Indentured Masculinity in Colonial Natal, 1860–1910

  • Goolam Vahed


The men of Southern Africa have frequently been fitted into the binaries of black/white or indigenous/settler. While this framework distinguishes the different histories and power positions, it conceals the presence of men whose geographical origins, ethnic affiliations, and position in the racial order escape these neat divisions. This chapter on a hitherto neglected group of South African men, the “Indians,” argues that for most of them, their arrival as indentured laborers in the late nineteenth and early twentieth centuries was critical in framing their masculinities. Their inbetweenness as “not white” and “not black” and their strong connections with the cultures of the Indian subcontinent created a specific configuration I term “indentured masculinity.”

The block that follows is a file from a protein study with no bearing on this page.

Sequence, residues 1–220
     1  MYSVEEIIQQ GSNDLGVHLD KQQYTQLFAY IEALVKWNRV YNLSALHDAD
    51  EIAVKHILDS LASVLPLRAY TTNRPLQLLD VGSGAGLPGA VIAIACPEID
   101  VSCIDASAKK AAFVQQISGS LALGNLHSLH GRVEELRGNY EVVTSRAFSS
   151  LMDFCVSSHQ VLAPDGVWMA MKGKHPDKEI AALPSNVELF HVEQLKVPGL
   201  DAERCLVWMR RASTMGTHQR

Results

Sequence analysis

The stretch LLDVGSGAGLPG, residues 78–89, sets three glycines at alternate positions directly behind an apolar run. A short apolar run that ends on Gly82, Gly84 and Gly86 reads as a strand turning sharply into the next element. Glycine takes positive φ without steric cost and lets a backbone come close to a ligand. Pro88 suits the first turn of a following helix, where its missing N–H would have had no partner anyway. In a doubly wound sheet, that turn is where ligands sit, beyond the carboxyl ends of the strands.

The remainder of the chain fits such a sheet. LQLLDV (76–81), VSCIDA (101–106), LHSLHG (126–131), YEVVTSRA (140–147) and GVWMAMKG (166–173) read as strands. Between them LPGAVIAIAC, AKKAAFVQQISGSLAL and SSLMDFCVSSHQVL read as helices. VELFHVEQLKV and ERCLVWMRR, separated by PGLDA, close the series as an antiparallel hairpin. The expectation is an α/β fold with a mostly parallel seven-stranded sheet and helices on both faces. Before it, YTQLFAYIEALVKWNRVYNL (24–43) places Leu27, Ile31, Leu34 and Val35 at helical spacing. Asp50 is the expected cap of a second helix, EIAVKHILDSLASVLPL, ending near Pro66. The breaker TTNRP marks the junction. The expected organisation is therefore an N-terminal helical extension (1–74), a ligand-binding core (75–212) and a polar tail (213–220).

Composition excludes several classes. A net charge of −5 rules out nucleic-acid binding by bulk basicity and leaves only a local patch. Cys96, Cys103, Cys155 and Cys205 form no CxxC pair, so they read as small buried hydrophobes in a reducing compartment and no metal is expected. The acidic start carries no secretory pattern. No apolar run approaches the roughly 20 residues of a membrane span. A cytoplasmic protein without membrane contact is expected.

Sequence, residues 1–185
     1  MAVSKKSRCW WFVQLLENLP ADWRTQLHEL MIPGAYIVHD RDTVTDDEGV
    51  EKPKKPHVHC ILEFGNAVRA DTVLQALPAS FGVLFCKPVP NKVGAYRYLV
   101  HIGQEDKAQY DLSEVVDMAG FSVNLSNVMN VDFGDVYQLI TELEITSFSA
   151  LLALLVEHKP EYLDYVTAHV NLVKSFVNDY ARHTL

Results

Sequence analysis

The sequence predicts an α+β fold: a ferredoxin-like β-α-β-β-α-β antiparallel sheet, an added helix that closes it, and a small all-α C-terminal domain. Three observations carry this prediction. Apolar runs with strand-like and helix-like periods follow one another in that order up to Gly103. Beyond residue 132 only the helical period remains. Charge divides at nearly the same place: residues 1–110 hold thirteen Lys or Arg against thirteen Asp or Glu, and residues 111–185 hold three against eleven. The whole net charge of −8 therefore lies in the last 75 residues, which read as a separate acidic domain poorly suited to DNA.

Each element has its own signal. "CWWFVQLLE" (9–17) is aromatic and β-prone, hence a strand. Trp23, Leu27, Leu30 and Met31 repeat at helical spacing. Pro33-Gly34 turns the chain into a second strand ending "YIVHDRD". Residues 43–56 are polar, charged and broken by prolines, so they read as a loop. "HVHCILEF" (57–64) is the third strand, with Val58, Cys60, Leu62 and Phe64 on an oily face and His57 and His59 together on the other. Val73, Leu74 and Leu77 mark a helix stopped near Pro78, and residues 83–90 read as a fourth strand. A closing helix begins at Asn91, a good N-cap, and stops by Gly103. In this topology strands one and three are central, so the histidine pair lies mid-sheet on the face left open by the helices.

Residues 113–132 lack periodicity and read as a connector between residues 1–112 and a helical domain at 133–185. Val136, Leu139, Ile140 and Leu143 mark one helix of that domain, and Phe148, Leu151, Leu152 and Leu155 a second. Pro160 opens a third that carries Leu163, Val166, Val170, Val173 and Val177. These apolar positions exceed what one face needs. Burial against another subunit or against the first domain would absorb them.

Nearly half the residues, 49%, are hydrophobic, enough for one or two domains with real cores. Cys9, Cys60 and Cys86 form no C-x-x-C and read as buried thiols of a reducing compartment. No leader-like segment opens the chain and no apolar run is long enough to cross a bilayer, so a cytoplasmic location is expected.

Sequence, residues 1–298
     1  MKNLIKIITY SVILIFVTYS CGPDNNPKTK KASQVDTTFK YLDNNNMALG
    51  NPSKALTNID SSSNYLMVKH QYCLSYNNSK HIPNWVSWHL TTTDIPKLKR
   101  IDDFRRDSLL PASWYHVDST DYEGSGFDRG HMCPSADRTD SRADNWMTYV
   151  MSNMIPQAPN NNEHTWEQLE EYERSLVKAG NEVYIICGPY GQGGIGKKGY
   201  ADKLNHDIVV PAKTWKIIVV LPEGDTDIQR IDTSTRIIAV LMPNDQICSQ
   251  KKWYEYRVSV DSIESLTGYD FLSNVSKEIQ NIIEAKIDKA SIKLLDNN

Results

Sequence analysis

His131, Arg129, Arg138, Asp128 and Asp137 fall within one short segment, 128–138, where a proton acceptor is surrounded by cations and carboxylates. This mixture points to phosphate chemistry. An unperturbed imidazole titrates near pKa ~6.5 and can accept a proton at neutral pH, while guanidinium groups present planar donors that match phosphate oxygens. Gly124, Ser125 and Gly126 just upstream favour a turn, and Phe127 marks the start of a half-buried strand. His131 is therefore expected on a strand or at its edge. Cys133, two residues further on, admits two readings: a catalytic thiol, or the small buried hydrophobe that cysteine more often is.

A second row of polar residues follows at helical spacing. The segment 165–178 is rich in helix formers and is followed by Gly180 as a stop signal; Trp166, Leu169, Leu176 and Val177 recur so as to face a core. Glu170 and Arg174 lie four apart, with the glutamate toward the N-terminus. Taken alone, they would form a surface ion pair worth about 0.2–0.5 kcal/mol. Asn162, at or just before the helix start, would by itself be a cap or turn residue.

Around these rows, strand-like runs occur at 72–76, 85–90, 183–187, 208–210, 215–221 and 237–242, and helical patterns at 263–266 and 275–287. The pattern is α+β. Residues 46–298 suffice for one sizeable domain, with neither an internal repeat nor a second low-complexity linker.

Sugar Migration Mercury Stratification Smoke 


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© Lahoucine Ouzgane and Robert Morrell 2005

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  • Goolam Vahed

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